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Living With Dogs and Babies

Living With Dogs and Babies
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It’s almost a saying in the Dog World – not quite, but almost – that babies make terrible dog owners. It’s the absolute truth, of course, but only in the same way babies make terrible drivers, terrible electricians, and terrible home decorators. The flip side to this is that dogs often make terrible pets for babies. It’s neither the baby’s or the dog’s fault – the baby doesn’t understand anything about dogs, and the poor dog is a dog. So if you’re going to be bringing a baby home, you’re going to have to do some work to ensure you don’t have cause to move your other baby out.

Tip #1: Dogs Will Mimic Your Child

At first your baby is going to be minimally invasive, but once they start crawling and walking your dog will follow its lead. As your child grows and becomes more independent, your dog will get into more and more mischief simply by following your toddler around. Keep this in mind from the very beginning. It’s essential that you teach your child that the dog is not a toy, but a living thing, and to keep in mind that if your dog suddenly begins acting in new and exciting (and destructive) ways, it’s very possible they are simply playing with your child and mimicking the child’s behaviour. Teaching your child the right and wrong way to interact with the dog is the first step to a safer house.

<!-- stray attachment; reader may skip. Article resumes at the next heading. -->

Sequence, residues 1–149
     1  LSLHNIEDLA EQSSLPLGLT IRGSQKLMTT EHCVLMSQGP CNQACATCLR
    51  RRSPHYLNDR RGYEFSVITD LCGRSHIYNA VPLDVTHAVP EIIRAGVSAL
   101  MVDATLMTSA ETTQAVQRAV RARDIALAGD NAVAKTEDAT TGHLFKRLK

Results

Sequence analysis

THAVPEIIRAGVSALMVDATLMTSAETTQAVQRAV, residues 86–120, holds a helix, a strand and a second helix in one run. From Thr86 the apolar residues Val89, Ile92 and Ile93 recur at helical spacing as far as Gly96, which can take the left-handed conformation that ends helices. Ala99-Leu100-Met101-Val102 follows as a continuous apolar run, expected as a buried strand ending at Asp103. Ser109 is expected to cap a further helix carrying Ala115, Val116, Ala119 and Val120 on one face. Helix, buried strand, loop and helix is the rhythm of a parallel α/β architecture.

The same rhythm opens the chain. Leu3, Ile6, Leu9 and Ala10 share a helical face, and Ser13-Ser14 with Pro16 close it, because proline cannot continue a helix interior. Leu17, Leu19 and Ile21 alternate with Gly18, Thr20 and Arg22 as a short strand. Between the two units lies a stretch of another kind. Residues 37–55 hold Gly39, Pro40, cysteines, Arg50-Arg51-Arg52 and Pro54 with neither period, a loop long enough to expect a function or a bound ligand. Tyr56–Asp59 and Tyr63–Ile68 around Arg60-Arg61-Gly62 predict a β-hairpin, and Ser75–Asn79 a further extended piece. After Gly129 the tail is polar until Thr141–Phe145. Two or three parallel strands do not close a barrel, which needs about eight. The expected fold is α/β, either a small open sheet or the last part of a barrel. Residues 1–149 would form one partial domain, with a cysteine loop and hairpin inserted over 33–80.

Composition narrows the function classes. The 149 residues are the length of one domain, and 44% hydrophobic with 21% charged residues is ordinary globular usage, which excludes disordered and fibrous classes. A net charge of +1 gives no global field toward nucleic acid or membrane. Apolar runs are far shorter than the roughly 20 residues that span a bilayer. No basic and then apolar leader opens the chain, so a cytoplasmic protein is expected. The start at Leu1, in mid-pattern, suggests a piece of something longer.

Tip #2: Dogs Have Teeth

Chances are your playtime with your dog so far has involved toys that are tossed or batted about, and your adorable puppy grabs them with their teeth. That’s instinctive for dogs, and the number one source of trouble between dogs and children. When a child waves their hands at the dog or dangles something, it’s natural for the dog to grab it with their teeth. Usually dogs have no desire or intent to harm, but do not understand that a baby is much more fragile than you.

First of all, if your dog has ever bitten you by accident, even without bad intent, keep it away from your baby. Good, innocent dogs sometimes get excited and snap with their jaws, and tiny baby hands and legs won’t fare well.

Secondly, start off with supervised interaction between your dog and the baby, and don’t hesitate to discipline your dog at the slightest provocation. Better that the dog be shy around your baby than overly exuberant. There is plenty of time for your child and the dog to bond and form a healthy relationship when your child is older and understands better what’s OK and not OK with the dog – for the moment, train your dog to be exceedingly careful around baby.

While some jealousy or instinctive distrust may colour the initial relationship between your dog and your new baby, it won’t take long for the dog to regard your child as part of its pack and treat it with the affection and protective instincts it has for you. Start off slow, pay attention, and put the effort needed into training the dog and you’ll see a sibling relationship thrive between them!

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